Given the slightly scooped impression made by its bigger lows and more immediate highs, the F30 proved a surprisingly gutsy speaker for the Stratocaster, especially when bouncy SRV or fat Hendrix-like riffs were the aim.

And while +2dB might not sound like much in the efficiency department, it makes the F30 noticeably louder than the F25, an impression that’s further enhanced by the increased overall articulation and bigger bass response.

All told, it’s another great speaker for the right application, and a high-quality rendition of its classic theme.

ASCENSION A30

Fane A30

(Image credit: Fane Acoustics)

This is the one Alnico-magnet entrant amid the three newbies, and as such, both price and intentions set it somewhat apart from the F25 and F30.

The 35-ounce Alnico magnet delivers 100dB of efficiency with 30 watts of power handling, which should take us into famed Alnico Blue territory, specs-wise, in a speaker able to tolerate something like twice the power.

The result, it has to be said, is an extremely tasty-sounding speaker.

The A30 is sweet, articulate and loaded with the legendary chime that great Alnico speakers can deliver as a result of the slight softening of the compression, mixed with bountiful harmonic overtones and detailed sparkle in the highs.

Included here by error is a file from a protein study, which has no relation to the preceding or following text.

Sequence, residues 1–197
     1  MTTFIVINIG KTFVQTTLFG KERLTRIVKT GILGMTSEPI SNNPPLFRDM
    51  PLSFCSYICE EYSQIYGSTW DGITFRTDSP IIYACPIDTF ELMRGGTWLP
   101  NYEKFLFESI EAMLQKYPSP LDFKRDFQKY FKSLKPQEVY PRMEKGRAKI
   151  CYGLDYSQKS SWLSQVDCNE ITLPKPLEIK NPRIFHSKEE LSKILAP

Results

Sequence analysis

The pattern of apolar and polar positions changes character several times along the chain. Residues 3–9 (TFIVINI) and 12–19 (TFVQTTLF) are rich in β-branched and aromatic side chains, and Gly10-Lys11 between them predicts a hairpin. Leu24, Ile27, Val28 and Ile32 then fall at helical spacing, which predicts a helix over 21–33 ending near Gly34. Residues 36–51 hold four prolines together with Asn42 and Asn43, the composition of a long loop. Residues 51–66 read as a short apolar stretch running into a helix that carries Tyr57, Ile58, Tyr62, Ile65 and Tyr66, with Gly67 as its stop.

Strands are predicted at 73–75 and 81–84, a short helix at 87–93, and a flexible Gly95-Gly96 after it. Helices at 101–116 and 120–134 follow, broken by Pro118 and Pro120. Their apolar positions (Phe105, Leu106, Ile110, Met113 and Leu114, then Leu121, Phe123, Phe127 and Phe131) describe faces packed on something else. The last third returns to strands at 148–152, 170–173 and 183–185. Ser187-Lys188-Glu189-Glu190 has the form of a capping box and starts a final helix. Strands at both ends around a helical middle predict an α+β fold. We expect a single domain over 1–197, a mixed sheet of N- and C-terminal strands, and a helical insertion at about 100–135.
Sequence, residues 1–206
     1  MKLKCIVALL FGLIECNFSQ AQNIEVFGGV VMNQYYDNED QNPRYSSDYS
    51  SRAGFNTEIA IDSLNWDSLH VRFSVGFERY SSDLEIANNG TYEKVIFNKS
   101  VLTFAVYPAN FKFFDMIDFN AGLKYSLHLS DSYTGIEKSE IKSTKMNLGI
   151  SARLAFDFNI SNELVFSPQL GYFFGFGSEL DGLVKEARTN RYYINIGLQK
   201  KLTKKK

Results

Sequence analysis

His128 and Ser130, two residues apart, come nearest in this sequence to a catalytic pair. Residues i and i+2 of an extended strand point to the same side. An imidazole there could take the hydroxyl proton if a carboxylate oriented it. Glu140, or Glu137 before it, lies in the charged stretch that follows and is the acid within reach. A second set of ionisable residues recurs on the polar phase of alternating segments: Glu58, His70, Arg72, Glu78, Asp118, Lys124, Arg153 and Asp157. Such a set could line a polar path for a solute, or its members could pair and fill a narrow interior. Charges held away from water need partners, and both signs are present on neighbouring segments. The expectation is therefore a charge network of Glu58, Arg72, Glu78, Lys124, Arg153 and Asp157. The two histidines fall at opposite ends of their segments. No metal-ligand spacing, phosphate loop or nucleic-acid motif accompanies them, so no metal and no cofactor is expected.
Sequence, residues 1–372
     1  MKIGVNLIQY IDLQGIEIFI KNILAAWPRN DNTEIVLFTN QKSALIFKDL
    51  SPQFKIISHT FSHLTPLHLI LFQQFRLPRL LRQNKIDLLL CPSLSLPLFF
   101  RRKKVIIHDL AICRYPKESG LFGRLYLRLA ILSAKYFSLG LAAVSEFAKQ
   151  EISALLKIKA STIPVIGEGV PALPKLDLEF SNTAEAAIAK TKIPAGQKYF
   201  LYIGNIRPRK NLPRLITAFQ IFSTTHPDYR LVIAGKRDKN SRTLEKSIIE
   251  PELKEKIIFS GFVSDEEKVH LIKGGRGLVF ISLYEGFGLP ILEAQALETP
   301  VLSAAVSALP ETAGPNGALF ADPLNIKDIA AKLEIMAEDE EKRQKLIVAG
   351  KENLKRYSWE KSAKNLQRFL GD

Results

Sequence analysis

Thrives in the middle, where its lush dimensionality, superb dynamics and lively shimmer help those “sweet spot” tones to truly shine

I also found it a great speaker for taking the bite and harshness out of an overly bright amp (approximated with some higher treble-control settings), yet without dulling or muting the high-frequency detail and extension in the least.

The A30’s clean and edge-of-breakup tones are particularly musical, with a lush juiciness that really benefited all three test amps, showing how well an ostensibly British-voiced speaker can work with, for example, a tweed Deluxe (opens in new tab)-style amp.

It also responded well to overdriven tones, enhancing a softer, more vintage-voiced edge amid the grind, and delivered plenty of lead-enhancing wail when pushed hard.

Really, though, it’s a speaker that thrives in the middle, where its lush dimensionality, superb dynamics and lively shimmer help those “sweet spot” tones to truly shine.

CONCLUSIONS

Each of these new Ascension models provides a great option for guitarists shopping in their respective markets, and should be given serious consideration alongside the usual suspects.

The F30 is a very able speaker, and one that will help you cut through a muddy mix or give some guts to an underpowered amp. But I found the F25 and A30 impressive for their classic Brit-voiced grind and sweet musicality, respectively, and each of these speakers is deserving of an Editors’ Pick Award.